The conversion does retain and use the original transmission and clutch. The DC electric motor's rpm limits are very similar to those of the original gas engine. For this reason, the electric motor needs the transmission to achieve a full range of performance from standstill to freeway speed.
The clutch is needed for several reasons. For one thing, it makes the car much easier and more pleasant to drive. Although you can drive without a clutch, it requires developing a very fine skill to do so without starting with an abrupt jerk. The clutch also reduces wear on the transmission parts, and acts as a safety feature, so you can easily disengage the motor from the wheels if you develop a problem while under power.
Automatic transmissions are almost never used in conversions, for several reasons. We do not deal with them at all. Automatic transmissions have energy losses that reduce performance. Also, the shift points will not be appropriate on hills, and may damage the motor. Finally, the automatic relies on an idling engine to keep the hydraulic pressure up. When an electric car stops at a stoplight, the motor stops turning, and the transmission loses pressure. When the light turns green, there is a delayed response to the throttle while pressure builds up. This could be dangerous. The problem can be fixed by causing the electric motor to idle at stops, but this wastes energy. Or you could add a separate pump for the transmission, but this adds expense, complication, and a possible failure point.
Most of the vehicles best suited to conversion are economy models without a lot of power accessories. However, power windows, radios, CD players, etc., are no problem if you do have them. The EV still has a 12V accessory battery. This is charged by a DC/DC converter, which taps the main battery pack at a very low amperage to keep the accessory battery charged.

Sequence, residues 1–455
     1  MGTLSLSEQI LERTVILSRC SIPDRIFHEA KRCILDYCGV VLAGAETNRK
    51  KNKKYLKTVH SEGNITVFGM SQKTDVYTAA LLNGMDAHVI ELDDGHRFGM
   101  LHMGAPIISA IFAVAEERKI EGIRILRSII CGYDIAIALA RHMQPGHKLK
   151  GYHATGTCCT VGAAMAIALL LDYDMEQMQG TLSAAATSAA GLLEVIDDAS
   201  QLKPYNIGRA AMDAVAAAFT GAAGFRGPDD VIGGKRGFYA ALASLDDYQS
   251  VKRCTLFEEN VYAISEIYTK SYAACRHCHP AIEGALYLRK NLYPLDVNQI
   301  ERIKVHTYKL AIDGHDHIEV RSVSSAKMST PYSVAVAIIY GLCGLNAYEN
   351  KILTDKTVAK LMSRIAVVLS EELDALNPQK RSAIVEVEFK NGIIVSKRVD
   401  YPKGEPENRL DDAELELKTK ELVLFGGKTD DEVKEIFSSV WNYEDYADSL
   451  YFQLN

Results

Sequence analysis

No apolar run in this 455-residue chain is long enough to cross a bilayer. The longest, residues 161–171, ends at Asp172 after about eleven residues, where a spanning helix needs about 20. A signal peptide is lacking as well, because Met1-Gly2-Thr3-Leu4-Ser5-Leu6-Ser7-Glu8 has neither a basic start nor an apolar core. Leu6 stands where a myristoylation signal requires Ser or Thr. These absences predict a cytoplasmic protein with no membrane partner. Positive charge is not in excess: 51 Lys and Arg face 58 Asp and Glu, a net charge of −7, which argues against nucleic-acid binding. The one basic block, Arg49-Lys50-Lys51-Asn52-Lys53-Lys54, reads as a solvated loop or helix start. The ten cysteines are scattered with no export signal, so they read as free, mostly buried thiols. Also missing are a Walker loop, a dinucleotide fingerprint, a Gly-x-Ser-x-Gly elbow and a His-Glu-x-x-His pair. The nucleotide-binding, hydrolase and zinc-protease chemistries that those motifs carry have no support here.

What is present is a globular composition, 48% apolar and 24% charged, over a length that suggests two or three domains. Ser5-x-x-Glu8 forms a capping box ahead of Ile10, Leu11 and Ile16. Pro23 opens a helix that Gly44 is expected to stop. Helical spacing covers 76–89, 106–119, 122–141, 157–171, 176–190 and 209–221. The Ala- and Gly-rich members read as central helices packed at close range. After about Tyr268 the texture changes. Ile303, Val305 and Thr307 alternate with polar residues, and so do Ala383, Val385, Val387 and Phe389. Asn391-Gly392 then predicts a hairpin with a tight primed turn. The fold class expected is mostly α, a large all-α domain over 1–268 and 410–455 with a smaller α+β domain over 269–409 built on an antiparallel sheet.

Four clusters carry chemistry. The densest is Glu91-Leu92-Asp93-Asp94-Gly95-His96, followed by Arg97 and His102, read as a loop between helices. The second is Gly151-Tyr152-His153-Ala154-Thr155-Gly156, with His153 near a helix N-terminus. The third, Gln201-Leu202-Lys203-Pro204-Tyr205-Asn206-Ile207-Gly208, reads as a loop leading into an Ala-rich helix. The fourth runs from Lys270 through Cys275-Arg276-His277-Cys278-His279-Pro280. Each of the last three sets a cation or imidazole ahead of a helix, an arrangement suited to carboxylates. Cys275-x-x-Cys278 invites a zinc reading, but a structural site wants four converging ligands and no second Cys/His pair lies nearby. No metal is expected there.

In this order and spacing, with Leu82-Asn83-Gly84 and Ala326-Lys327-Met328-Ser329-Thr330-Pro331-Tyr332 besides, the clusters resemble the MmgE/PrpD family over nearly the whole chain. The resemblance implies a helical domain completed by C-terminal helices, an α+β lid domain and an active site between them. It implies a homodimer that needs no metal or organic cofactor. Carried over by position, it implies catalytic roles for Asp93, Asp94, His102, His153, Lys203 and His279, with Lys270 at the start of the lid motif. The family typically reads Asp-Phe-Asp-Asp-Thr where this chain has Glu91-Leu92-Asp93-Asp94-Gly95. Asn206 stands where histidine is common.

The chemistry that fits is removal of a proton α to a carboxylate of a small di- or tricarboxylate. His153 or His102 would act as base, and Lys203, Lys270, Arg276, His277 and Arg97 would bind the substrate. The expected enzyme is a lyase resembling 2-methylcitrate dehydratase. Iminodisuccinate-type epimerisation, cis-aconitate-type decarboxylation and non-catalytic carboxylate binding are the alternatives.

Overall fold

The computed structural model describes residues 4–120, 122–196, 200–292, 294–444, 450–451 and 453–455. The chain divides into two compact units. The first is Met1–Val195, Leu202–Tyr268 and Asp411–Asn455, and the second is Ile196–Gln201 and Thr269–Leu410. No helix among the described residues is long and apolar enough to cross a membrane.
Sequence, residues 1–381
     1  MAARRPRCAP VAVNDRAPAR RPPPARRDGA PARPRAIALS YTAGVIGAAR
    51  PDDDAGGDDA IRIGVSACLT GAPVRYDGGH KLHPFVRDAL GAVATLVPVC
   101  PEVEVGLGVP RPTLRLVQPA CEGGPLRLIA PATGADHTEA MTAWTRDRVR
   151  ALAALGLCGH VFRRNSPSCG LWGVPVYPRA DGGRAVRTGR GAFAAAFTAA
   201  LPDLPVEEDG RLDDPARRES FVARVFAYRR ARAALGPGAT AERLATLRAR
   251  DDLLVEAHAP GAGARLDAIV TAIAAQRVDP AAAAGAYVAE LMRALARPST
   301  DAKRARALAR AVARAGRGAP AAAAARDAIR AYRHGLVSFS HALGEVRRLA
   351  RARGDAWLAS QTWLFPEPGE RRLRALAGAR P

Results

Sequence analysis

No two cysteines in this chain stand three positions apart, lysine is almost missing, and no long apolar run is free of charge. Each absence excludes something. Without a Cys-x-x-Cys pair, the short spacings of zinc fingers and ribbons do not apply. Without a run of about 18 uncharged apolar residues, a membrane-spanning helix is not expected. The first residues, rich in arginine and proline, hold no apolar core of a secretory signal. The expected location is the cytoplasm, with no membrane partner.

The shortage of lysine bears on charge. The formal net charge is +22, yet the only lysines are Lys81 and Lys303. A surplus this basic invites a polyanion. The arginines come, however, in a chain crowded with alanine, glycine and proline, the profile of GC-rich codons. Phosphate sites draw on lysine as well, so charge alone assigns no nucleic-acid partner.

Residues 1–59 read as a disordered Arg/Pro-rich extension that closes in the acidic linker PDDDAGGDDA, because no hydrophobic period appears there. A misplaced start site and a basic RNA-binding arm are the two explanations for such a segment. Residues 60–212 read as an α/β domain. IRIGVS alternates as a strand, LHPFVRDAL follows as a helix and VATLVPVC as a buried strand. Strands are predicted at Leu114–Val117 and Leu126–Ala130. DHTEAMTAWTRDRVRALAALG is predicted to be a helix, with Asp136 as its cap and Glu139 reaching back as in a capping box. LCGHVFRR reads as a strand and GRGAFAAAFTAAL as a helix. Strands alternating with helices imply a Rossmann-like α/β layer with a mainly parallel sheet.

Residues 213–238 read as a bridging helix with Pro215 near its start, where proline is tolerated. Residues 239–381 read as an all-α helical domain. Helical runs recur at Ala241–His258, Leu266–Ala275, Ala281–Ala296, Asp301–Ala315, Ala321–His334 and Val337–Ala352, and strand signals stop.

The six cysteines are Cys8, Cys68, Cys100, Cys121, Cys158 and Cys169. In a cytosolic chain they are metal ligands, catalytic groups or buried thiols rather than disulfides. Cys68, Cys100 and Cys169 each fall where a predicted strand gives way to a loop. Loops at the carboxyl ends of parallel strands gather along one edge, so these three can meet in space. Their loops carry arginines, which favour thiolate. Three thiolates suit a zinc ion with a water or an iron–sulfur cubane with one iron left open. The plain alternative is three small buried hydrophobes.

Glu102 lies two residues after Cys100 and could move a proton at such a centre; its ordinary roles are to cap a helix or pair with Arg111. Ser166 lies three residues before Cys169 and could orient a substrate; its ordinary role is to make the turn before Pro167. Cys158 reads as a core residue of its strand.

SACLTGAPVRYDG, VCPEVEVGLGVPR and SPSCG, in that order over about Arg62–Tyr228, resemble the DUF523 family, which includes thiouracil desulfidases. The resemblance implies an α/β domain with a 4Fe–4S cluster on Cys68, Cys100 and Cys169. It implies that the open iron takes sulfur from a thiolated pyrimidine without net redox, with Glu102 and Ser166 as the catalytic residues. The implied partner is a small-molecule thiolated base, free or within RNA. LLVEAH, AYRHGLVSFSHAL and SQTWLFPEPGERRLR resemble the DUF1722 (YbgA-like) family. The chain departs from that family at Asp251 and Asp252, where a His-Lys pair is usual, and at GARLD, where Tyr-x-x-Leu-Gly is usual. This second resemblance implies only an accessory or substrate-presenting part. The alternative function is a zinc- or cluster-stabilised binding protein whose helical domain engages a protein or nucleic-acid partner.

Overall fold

Most of these vehicles do not have or need power steering. It can be accommodated if you have to have it, but it will add several hundred dollars of expense to the project.
You DO want power brakes if you have the option. You will be adding a lot of weight to the car, and you need to be able to stop safely. This can be handled easily with a vacuum pump, reservoir, and switch.
In the early days of conversions, these were used as electric car motors because there wasn't much else available. However, they have several problems. They are designed to be used at a much lower voltage, so they have to be seriously overvolted in a car. Even then, performance is marginal. They are designed to run at higher rpm, so that in a car, they are consistently running in the least efficient part of the power band. They suck up lots of amps. This reduces range, and stresses other components. Due to both of these issues, they tend to burn up in use.
They are also not compatible with modern controllers unless you add an inductor. They have an odd splined shaft, which is very expensive to mate in the adaptor. They also require bearings in the adaptor.
There are much more appropriate motors available today, so there is no reason to use one of these in a car.